Spain blames victims in train crash
Castelldefels - Spanish officials blamed summer solstice partygoers for crossing the tracks into the path of an express train that killed at least 13, but others said a new underground exit was poorly marked and an old crossing was blocked off, leaving travellers confused.
In addition to the dead, at least 14 were injured in the beach resort of Castelldefels, south of Barcelona, shortly before midnight on Wednesday as crowds of young people left a train heading for bonfires on a Mediterranean beach. Many jammed the underpass leading to the beach, but about 30 others climbed down from the platform and tried to scurry across the tracks.
They were struck and mangled by a train barreling through the station in northeastern Spain.
Development Minister Jose Blanco on Thursday denied claims the underpass was poorly marked, and insisted that passengers should have known that "you never, never, never cross the tracks".
"Everything pointed to negligence," Blanco added, saying he hoped the tragedy would make riders understand that they must obey station rules.
But Arrellano Ruiz, the Ecuadorean consul in Barcelona, said passengers did not see the signs for the underpass exit and mistakenly headed to an overpass that had been closed since a 2009 renovation.
Victor Morlan, Spain's infrastructure secretary, acknowledged that the overpass has been blocked off since last year but insisted there were enough signs telling passengers how to safely reach the beach.
"It had a sign system that was well made and it had a loudspeaker service that pointed out that the tracks must not be crossed," Morlan said.
The express train also sounded a warning signal as it approached.
Most of the victims were Latin American, but authorities did not identify them or release a breakdown of their nationalities.
Joan Saura, interior minister for Spain's Catalonia region where the crash happened, said the identification of the mutilated bodies "will not be easy and it will not be fast".
Spain's deadliest train accident since 2003 occurred during a nationwide ritual called Noche de San Juan, or the night of St John, which is held each June 23 just after the summer solstice. People light bonfires in town squares and on beaches, dance around them, drink beer, barbecue food and set off fireworks.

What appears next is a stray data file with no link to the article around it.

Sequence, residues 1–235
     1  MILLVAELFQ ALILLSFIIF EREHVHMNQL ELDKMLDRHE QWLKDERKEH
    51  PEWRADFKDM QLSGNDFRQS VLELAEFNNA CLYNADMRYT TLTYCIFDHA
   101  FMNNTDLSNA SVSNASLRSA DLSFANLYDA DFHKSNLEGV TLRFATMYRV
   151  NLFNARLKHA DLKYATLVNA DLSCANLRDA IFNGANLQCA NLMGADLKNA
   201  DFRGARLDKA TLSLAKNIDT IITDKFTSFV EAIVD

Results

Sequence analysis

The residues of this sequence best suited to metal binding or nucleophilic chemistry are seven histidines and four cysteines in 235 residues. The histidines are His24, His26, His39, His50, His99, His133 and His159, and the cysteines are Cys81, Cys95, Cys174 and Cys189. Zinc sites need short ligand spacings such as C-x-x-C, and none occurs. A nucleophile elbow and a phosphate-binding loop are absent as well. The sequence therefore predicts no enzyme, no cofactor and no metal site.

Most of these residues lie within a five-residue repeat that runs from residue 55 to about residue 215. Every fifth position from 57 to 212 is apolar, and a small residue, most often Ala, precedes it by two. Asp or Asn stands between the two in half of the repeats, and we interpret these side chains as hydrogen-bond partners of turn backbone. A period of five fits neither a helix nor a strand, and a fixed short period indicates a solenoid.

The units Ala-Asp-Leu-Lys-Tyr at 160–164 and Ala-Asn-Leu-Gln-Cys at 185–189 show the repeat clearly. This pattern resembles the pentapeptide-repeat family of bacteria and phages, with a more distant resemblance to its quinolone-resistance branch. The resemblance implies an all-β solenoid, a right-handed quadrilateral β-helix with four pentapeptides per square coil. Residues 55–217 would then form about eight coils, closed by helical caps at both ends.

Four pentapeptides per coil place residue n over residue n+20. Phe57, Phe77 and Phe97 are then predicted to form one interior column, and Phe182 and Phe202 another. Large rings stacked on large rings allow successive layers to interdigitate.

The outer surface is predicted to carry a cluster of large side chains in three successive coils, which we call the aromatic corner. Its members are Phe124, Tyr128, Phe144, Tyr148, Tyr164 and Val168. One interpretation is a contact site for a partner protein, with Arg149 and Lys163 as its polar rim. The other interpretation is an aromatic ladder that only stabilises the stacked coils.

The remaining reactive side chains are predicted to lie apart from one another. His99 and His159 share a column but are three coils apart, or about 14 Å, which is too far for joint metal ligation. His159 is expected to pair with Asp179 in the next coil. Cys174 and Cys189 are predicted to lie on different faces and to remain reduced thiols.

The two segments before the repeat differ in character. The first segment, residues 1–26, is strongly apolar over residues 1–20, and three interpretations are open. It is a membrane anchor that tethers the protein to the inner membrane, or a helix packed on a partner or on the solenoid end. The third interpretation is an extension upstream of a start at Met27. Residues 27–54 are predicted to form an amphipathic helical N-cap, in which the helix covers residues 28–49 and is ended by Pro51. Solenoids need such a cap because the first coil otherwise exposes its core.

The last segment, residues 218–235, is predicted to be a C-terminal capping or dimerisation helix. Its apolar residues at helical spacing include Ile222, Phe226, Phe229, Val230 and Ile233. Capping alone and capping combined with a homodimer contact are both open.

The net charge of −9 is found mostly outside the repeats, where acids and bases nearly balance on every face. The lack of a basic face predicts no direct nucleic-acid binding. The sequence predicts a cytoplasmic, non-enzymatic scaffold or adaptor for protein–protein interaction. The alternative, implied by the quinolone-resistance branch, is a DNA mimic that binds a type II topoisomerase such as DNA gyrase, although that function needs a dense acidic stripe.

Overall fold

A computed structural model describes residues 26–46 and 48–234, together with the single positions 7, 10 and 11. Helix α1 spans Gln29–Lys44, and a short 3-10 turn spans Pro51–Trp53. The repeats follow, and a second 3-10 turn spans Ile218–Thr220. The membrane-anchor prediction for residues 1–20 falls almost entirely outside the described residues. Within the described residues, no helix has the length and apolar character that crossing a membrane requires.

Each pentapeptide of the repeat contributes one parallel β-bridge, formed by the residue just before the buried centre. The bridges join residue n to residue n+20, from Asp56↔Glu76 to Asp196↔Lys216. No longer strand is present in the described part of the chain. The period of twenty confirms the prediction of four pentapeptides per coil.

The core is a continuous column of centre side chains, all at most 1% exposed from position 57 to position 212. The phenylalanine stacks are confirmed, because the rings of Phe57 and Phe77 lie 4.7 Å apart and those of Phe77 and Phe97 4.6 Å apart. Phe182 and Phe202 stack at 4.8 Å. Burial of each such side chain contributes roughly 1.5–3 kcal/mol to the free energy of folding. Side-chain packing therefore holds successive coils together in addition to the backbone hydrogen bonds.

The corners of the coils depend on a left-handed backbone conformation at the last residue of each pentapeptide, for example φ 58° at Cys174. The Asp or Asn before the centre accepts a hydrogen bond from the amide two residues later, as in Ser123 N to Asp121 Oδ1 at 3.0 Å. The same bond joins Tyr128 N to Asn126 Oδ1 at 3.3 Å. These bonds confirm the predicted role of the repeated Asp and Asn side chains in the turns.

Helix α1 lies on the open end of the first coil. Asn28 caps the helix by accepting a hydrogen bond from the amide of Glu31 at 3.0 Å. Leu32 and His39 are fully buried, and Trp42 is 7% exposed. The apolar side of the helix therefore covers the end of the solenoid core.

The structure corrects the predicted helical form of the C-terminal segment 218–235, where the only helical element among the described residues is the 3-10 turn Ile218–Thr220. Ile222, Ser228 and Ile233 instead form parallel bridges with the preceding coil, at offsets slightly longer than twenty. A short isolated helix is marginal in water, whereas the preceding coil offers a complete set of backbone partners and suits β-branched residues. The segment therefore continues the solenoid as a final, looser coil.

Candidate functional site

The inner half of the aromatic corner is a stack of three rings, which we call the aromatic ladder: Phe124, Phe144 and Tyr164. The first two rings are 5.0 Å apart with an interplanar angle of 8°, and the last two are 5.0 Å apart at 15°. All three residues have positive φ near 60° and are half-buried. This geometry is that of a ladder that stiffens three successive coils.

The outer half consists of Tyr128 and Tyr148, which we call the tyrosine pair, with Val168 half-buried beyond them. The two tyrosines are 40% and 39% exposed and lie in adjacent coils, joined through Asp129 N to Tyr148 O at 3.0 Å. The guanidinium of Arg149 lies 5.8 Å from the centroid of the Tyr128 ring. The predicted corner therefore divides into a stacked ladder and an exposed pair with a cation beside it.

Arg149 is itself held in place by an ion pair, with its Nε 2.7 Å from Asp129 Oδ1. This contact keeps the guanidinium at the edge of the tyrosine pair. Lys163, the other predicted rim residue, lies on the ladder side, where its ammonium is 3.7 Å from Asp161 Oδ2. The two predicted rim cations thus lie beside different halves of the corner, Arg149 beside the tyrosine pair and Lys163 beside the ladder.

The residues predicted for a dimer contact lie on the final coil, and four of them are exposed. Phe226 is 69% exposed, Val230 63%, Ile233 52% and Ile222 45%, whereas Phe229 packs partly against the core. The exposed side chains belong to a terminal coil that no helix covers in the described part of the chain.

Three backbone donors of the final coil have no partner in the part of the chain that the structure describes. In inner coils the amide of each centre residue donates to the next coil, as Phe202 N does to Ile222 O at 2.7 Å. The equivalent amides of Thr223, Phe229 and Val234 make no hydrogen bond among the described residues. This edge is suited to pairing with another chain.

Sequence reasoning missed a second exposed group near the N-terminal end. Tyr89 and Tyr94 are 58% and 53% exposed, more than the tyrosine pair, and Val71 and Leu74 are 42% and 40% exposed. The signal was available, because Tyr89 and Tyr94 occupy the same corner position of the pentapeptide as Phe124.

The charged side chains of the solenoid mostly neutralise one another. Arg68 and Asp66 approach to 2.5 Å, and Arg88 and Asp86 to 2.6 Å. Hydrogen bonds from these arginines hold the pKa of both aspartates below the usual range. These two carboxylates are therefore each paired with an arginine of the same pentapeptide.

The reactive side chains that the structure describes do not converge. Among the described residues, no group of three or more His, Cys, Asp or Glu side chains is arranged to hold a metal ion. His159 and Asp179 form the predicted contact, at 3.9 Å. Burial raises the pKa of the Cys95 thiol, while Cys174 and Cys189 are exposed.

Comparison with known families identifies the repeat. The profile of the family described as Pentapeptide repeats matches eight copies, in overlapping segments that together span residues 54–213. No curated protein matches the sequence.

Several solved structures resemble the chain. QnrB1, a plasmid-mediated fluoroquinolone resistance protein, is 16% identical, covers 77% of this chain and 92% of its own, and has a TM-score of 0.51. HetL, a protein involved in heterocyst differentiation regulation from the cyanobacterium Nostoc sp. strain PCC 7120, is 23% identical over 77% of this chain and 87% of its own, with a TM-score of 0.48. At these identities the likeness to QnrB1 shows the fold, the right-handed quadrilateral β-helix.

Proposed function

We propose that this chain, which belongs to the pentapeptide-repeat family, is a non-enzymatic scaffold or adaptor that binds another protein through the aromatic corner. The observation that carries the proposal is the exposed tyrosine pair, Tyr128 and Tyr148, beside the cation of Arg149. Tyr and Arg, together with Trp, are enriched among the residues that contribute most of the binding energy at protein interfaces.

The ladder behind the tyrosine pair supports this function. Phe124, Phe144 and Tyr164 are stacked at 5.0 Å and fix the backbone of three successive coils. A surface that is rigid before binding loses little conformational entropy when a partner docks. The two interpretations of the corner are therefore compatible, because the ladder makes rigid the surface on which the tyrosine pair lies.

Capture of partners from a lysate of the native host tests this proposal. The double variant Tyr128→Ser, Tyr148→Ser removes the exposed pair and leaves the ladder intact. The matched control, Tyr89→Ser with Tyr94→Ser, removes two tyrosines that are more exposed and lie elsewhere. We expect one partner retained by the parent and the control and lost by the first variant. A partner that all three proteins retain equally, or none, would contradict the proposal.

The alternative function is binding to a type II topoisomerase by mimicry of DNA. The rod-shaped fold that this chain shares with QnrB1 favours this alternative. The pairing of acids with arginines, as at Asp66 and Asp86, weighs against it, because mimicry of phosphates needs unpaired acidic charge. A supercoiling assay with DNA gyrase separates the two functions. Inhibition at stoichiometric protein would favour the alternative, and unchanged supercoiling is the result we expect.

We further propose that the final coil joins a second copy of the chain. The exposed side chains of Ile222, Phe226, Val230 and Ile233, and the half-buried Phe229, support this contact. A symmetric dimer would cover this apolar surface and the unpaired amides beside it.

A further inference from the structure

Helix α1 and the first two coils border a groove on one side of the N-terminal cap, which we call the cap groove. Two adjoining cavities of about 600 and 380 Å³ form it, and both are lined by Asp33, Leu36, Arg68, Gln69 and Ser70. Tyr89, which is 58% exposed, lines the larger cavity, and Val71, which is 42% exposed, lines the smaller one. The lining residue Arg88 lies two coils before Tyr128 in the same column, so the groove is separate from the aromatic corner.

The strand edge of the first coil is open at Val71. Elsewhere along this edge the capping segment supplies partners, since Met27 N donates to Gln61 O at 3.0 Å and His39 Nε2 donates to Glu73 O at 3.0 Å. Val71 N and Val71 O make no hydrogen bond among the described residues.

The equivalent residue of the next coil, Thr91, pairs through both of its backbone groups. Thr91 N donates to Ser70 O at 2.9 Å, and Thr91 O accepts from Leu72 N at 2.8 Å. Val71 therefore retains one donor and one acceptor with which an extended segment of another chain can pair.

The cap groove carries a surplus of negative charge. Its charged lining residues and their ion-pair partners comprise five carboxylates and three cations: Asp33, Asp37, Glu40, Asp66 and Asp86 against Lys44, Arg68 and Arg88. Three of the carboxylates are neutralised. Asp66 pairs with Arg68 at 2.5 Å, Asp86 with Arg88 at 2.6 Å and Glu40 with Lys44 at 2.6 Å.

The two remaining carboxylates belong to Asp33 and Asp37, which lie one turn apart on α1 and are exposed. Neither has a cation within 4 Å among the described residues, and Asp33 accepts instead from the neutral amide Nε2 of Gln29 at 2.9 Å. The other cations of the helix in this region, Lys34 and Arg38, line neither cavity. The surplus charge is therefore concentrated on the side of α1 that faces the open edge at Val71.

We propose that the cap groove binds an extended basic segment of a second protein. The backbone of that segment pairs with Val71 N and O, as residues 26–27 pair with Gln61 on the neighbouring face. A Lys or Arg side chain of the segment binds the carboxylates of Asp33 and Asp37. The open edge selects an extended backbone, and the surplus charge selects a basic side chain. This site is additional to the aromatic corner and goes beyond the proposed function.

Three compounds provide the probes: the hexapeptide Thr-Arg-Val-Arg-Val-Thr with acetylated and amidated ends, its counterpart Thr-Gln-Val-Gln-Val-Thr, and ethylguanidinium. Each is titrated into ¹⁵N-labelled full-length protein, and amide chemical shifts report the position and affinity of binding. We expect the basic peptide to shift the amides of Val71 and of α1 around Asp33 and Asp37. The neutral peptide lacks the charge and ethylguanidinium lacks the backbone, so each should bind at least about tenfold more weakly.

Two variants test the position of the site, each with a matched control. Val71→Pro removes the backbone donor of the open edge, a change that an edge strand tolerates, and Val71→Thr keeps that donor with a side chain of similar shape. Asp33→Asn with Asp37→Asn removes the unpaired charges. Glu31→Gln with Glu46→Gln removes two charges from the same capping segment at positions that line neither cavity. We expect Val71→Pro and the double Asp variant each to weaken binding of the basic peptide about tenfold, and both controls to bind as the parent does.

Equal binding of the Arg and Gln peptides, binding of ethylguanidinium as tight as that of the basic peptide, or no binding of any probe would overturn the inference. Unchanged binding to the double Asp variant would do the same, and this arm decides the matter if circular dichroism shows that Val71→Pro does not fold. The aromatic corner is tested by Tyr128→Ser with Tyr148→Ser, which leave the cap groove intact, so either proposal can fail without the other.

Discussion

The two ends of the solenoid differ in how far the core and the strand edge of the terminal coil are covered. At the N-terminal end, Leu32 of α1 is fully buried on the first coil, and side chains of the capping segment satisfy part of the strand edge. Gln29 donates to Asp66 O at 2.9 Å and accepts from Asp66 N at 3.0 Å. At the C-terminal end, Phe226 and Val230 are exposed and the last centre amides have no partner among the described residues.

Marcelo Cardona, who was on the commuter train, said everyone had been looking forward to the party.
"The euphoria of getting off the train immediately became screams. There were people screaming, 'My daughter! My sister!"' said Cardona, a 34-year-old Bolivian. He said he saw "mutilated people, blood everywhere, blood on the platform".
Rail crews later had to hose down the bloodied train tracks.
Felipe Elmaji, a 29-year-old Moroccan travelling with Cardona, said he heard a "thump, thump of the train hitting people".
Cardona's sister Candy recalled the train's warning whistle. "It was horrible. I can't get that sound out of my head," she said.
Cardona said the underpass was jammed with the overflowing crowd from the train.
Spanish news agency Europa Press quoted unnamed RENFE officials as saying the express train was traveling at 87mph and the driver tested negative for alcohol and was in shock. RENFE refused to confirm or deny the report.
Of the 14 injured, one was in extremely critical condition, two were in critical condition, officials said. Except for one woman in her 40s, all of the injured were 19 or younger and two were minors.
A day of mourning was declared in the Catalonia region and King Juan Carlos canceled the annual celebration of his Saint's day.
Spain's worst previous train accident came in 2003, when 19 people died in a collision between passenger and freight trains in the southeastern town of Chinchilla.